Around 40-50% of marriages in the United States end in divorce.
One of the messiest parts of divorce is the decision about child custody.
You may be in a position where your spouse has been abusive or neglectful. Or you may be the parent who can best care for a child’s educational or social needs.
If you are wondering how to get full custody of your child or children, here are some places to start.
1. What Is Full Custody?
In joint custody arrangements, parents who don’t live together share custody based upon their work requirements, housing arrangements, and children’s needs. Parents share responsibility and physical control of the children. Parental non-cooperation and switching physical locations for the children are some common problems in these cases.
Sole custody occurs when a child lives primarily with one parent, and the other parent has visitation rights.
If you are granted sole legal custody, you also have full decision-making authority. You will be permitted to make the call when it comes to your child’s religion, medical care, and education. It is possible for a parent to have both full physical and full legal custody.
More often than not, however, one parent will have full legal custody while both parents will share legal custody, working together to make major decisions.
Generally speaking, it is best not to seek sole custody unless one parent has caused direct harm to the children. Custody laws, however, will vary from state to state.
2. What Are Some Reasons For Full Custody?
You may choose to file for full custody for a number of reasons. Obviously, if it is dangerous for a child to remain in a situation with one parent, the stable parent should file for full custody.
Your child may have special needs that you are better equipped to handle. Or they may be old enough to express their point of view and decide that they would rather live with one parent over the other.
More financial stability or a greater ability to care for a child’s basic needs are also reasons full custody may be granted to one parent. If you are the primary caregiver or have a more flexible schedule that allows you to spend more time with the child, you may also be eligible.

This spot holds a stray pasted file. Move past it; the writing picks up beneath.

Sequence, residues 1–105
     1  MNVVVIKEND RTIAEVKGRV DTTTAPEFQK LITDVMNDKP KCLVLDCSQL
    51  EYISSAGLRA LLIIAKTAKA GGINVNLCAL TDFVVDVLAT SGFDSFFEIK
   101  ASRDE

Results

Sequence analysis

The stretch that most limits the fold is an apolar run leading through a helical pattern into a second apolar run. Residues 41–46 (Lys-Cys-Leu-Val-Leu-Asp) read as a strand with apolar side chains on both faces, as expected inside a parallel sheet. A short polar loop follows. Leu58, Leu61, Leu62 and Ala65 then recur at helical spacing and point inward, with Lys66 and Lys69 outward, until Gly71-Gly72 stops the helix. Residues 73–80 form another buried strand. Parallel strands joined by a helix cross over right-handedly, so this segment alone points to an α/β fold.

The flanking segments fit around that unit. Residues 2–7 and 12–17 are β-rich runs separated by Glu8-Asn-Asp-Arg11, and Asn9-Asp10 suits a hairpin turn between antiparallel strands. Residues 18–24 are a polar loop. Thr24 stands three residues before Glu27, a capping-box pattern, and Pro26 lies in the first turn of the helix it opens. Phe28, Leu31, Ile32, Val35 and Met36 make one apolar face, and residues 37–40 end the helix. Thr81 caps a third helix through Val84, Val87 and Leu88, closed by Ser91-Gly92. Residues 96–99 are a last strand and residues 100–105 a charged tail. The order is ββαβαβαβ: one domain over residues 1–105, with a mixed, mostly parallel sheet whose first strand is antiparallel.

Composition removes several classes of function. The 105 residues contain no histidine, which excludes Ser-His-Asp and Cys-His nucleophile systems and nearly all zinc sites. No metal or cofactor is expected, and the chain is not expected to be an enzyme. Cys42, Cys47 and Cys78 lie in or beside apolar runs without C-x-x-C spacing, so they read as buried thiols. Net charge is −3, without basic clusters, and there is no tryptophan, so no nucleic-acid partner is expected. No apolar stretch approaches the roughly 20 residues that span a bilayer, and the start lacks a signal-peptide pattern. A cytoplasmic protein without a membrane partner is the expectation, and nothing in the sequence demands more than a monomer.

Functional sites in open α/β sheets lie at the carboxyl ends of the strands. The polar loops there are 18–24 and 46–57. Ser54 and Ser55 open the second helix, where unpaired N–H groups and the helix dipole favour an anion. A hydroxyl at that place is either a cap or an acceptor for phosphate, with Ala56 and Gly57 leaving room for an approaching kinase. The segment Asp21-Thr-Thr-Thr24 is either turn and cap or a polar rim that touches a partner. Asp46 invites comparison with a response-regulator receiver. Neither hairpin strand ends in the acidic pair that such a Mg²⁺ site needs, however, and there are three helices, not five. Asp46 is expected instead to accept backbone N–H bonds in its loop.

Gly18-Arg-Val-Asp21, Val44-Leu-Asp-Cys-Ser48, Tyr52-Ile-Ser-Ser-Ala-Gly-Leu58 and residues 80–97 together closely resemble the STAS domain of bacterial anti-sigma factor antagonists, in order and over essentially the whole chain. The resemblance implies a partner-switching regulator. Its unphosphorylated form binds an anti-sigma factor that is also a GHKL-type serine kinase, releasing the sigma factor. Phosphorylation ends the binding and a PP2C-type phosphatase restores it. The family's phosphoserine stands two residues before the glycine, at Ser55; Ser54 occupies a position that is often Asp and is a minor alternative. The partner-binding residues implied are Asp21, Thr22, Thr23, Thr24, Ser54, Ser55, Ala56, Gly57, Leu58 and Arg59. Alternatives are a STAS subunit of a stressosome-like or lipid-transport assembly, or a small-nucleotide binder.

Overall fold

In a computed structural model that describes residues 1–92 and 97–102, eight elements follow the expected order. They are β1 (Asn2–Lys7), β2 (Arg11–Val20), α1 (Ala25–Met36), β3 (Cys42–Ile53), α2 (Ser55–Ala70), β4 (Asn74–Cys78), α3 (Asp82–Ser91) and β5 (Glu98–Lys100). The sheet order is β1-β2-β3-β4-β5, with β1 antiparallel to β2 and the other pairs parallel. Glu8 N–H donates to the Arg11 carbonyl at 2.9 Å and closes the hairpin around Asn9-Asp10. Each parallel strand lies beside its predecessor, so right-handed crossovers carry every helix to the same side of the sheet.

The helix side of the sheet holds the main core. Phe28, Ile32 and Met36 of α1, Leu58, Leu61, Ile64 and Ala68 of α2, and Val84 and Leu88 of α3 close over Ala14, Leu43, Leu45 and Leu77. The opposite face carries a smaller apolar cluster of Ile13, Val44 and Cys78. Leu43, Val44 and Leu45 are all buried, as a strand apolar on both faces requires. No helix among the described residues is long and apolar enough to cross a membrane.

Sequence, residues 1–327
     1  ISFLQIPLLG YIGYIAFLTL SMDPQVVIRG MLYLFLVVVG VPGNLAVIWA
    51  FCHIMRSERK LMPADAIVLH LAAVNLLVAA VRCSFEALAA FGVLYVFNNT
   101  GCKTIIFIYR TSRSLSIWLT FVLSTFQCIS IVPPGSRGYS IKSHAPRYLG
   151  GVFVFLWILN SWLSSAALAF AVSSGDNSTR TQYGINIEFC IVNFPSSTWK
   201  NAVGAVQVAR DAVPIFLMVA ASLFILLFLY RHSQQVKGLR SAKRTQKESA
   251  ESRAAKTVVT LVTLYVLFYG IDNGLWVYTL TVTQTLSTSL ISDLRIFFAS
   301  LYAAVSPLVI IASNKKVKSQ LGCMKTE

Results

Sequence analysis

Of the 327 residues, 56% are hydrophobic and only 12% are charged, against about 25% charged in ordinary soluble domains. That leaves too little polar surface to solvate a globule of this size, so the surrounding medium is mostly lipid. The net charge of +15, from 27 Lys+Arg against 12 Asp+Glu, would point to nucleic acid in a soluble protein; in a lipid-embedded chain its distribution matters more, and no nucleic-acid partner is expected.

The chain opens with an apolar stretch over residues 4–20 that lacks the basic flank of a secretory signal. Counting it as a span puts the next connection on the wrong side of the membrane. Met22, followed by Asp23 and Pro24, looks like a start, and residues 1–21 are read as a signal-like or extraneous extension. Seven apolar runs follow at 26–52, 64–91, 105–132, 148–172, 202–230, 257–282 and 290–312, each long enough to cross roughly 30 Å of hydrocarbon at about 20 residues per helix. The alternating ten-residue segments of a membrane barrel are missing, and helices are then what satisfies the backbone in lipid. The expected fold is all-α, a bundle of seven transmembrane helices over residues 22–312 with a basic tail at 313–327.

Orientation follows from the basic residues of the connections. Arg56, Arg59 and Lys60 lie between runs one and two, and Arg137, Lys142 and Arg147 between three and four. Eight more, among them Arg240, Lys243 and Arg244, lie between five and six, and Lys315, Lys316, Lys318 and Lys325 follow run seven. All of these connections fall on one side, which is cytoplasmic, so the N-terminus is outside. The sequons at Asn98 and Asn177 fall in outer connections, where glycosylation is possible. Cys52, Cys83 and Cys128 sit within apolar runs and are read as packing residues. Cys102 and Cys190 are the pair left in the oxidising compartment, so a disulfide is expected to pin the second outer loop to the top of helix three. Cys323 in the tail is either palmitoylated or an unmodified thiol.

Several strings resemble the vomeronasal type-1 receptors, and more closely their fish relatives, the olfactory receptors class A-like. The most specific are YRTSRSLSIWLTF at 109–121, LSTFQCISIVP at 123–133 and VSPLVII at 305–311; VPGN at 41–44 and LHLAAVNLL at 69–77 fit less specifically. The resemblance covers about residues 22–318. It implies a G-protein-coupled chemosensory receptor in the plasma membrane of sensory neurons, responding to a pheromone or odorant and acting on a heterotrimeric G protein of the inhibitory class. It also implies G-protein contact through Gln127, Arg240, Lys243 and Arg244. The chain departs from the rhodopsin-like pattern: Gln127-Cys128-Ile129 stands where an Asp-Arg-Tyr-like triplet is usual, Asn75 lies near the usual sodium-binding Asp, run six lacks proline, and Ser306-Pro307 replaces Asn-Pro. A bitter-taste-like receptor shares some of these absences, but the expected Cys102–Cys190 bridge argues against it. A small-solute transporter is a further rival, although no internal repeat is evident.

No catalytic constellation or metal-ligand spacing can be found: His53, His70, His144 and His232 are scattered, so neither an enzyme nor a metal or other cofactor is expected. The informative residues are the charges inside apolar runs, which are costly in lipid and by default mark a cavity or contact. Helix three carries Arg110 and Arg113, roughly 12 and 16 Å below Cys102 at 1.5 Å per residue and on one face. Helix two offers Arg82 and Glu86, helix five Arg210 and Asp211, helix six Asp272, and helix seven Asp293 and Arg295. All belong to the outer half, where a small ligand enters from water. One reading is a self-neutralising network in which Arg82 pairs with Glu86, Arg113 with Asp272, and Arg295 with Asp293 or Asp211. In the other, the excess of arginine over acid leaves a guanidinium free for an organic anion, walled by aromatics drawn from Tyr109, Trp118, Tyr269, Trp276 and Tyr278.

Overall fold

3. Things To Consider
Before filing for sole custody, it is a good idea to research child custody laws in your state. It may take some time, but it will improve your ability to present yourself and your case well.
You should also keep detailed records of communication between yourself and your ex. Keep records of visits, phone calls, and emails between you and your ex. Stick to the facts and refrain from using negative language if you can.
Be polite and respectful to lawyers and judges at all times. Avoiding any displays of anger or frustration will help your case. Arrive on time and dress appropriately.
Stay focused on your mission and remember that what you are doing is completely for your kids.
4. Filing For Custody
It is best to hire an experienced custody lawyer before filing for full custody. If you cannot afford a full-service lawyer, many attorneys may provide limited services for a lower cost. In these cases, they may prepare your documents, give you limited legal advice, or teach you about the area of the law.
You will need to file your petition for custody in the same court you opened your family law case in, even if you live in a different county.
You will be required to fill out a request order giving the request for custody and the facts supporting your request. This should spell out why full custody is in the best interest of the child.
Review your forms carefully, as they will be the basis of your argument. Go over them with your lawyer.
At your local courthouse, you can file your request with the clerk of courts. They will take possession of your forms and require you to pay a filing fee. If you cannot afford the fee, you can always ask for a waiver if you can prove financial hardship.
You will then hire someone to give a copy of your filed forms to your ex. The other party will then have the opportunity to respond to your petition by agreeing with your requests or denying some of them.
In some cases, you may need to try to mediate with your ex before going to court. If you come to an agreement, it can get signed by the court or act as your valid custody order.
5. Going To Trial
If you cannot reach an agreement during mediation, you will need to argue your case before a judge. Courts will look at different factors depending upon your state.
Parents will look at the mental and physical health of those involved, as well as the relationships between parents, children, and siblings.
You will have the opportunity to collect facts, conduct witness interviews, and take photos. If possible, keep records of your child’s community involvement and records from the school.
During the trial itself, do not engage in any arguments. Counter any bad facts as best you can. Keep your answers brief and stick to the facts when arguing your case.
Remember that the interests of your child come first, and your compassion for them should be obvious.
How To Get Full Custody
If you are wondering how to get full custody of your child, begin by deciding if it is in yours and your child’s best interest. If it is, find a trustworthy attorney and begin your journey toward bringing your child home.
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